Very clever, Material Girl, and how easy for you to say. Because you're one of the richest ladies in the world and all. Those wretched American values got you where you are today. I think that's a very nice glass house you live in.
Thursday, April 24, 2003
Wednesday, April 23, 2003
Tuesday, April 22, 2003
Oh, that's right. Here's 200 million dollars that will not go to education.
'If it ain't attached to a tank, we don't want it.'
200 million dollars.
My favorite parts from this article, besides (of course) the 200 million dollars George W. Bush will pee away, concern the leading candidates for the Democratic presidential nomination and their apparent inability to serve as serious contenders in the race to the White House:
...a Bush associate described Mr. Edwards [of North Carolina] as the Breck Girl of politics, a reference to the shiny-hair model for a popular shampoo in the 1960's.
Another Bush adviser said of Mr. Kerry [of Massachusetts], 'He looks French.'
Let the games begin.
I think that this guy probably likes to wear women's underwear but is just too embarrassed to buy them. So he steals them. In large quantities.
My favorite thought of the day comes from police investigator Michael Mason:
[He] is not aware of a suspect having this number of potentially stolen panties in his possession before.Found on Obscure Store.
: 6:26 PM
Friday, April 18, 2003
I don't think this is funny. I understand that poking fun at retarded kids could potentially be funny to some, but the authors go about it all wrong. The way it is written brings the dreadful effects of mental retardation to light. It ends up making me a little sad.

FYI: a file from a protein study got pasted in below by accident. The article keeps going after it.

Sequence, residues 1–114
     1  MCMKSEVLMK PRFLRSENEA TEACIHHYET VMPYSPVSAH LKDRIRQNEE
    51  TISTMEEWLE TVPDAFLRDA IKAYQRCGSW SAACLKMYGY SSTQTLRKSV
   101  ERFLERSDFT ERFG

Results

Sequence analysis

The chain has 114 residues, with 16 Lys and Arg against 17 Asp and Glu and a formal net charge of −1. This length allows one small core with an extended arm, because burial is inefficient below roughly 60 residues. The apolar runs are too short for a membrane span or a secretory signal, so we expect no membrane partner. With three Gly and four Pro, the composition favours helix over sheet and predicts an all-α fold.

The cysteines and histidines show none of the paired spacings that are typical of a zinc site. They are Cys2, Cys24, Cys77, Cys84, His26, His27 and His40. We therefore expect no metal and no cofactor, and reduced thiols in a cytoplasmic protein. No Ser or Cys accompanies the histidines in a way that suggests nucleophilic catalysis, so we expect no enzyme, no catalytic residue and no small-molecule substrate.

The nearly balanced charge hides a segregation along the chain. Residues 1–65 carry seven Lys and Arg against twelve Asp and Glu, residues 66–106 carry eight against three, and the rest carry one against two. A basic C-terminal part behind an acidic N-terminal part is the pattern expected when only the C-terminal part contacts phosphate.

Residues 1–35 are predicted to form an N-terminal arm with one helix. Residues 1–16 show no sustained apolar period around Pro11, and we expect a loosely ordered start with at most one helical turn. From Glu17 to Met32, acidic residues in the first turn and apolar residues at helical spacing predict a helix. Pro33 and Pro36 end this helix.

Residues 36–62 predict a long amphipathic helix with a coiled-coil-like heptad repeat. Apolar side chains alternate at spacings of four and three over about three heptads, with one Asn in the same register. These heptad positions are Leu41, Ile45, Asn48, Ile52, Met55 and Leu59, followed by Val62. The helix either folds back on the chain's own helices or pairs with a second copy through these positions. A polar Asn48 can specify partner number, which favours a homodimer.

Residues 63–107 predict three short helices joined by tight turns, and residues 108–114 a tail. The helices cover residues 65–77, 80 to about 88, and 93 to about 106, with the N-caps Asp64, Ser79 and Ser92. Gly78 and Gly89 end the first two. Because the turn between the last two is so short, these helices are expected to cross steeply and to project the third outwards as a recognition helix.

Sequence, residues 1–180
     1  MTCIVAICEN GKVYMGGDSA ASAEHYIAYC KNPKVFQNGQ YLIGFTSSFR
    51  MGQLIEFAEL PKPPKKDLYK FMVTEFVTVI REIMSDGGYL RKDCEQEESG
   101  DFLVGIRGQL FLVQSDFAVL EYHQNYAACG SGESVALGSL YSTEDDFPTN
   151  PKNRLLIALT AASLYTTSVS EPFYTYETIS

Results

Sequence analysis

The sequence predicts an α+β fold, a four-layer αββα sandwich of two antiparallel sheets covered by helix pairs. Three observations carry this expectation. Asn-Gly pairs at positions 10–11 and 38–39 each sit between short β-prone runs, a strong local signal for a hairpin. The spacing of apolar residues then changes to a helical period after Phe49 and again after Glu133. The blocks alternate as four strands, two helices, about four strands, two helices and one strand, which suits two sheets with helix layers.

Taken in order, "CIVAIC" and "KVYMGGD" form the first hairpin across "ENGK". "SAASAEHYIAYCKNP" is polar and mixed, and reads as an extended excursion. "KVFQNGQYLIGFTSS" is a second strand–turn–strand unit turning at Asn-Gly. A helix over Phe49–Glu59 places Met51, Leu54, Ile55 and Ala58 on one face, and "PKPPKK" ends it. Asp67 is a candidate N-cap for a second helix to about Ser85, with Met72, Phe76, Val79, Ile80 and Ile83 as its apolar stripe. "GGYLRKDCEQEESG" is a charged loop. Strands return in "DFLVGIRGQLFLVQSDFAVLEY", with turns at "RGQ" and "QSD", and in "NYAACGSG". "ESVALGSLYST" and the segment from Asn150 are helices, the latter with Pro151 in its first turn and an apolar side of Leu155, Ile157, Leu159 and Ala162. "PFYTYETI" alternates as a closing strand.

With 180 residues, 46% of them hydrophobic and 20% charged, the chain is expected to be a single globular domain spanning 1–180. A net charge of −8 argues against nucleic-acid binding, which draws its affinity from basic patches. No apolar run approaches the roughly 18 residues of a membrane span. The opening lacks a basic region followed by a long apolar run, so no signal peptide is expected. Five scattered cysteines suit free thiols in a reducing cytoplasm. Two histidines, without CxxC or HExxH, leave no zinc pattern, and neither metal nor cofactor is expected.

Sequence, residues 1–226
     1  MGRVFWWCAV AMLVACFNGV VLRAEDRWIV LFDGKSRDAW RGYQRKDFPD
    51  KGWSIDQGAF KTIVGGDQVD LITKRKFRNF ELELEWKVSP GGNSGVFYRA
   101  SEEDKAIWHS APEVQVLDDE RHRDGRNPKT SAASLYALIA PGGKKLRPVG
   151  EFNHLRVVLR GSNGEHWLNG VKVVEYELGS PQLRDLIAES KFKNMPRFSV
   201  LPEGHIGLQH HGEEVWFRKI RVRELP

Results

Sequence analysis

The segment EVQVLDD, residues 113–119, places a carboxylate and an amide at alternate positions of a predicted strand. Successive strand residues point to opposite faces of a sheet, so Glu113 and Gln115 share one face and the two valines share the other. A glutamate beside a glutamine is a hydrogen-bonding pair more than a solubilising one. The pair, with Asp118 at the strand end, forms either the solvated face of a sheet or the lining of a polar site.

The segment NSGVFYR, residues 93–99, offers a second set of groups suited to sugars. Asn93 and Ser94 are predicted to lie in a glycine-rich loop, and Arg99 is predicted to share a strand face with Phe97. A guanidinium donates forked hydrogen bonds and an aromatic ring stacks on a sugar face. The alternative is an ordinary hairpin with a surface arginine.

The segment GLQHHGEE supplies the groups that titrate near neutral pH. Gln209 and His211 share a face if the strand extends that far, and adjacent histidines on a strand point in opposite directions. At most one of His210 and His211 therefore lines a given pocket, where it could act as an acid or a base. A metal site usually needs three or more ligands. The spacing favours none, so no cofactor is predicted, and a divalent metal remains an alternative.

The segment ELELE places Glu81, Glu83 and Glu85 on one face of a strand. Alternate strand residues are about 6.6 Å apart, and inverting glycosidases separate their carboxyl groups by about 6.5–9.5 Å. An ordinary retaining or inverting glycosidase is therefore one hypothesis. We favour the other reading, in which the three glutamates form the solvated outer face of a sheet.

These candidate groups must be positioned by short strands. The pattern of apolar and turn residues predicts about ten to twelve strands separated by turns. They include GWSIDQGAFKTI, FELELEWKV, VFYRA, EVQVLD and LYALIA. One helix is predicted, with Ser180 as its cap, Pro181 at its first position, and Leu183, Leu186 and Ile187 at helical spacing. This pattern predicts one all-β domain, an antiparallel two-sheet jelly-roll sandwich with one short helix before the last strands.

: 1:09 PM
Thursday, April 17, 2003
What the hell is this guy talking about?
'Our irresponsible friends' in Turkey?
My goodness. Let's just freaking alientate everyone.
'It's bad enough that the Kurds are not receiving the proper affection and gratitude for all they have done to help topple Saddam. The kid glove treatment of a misbehaving alleged ally, Turkey, needs to stop now.'
Oh jeez. Scathing letter to author will soon follow.
Wednesday, April 16, 2003
Tuesday, April 15, 2003
There's a kitten stuck atop a telephone pole outside. He's been there for three days. No one will save him as his precarious positioning fifty feet above and directly between power lines far outweighs general human empathy for small animals. Except, of course, in the customer service department. Their department is planning some sort of group effort to coax the cat down. Evidently a gaggle of females trained in customer relations will help the kitten to challenge gravity.
Ooh, news update. The kitten has been rescued. Our neighboring company has a truck with a cherry picker and was able to reach the ill-fated feline. Alas, there was a group of foxes lurking beyond the hill, watching every move. Waiting.
Odds are against our friend the kit.
I'm now watching the aftermath of the performance. The woman is mortified. It was a surprise from her husband. He asked her where she wanted to go for dinner. Her reply: I think I'm just going to drink my dinner tonight.
Monday, April 14, 2003
Mired as we are in our daily complications, it’s refreshing to hear a smiling voice sing you a straight story. Charming and relaxed, the honey-coated sound of Mason Jennings resonates with a breathtaking clarity that, if only for a moment, makes you forget that you might have had something on your mind.
‘I believe if you fall in love,’ Mason sings with convincing sincerity on his latest release, Century Spring, ‘you should jump right in.’ Mason Jennings signals a powerful message of self-determination: Singing, writing and distributing his music with a declared goal of having no regrets, the songs reflect an undauntedly pure life perspective.
Accompanied onstage by Chris Morrissey and Brian Mcloud, you might ask yourself where you can find a similar elixir to afford such healthy precision. Then you’ll hear the band go off on a guitar-laden, Iron-Maiden-esque tangent and remind yourself, Oh! They’re just three guys, in love with life.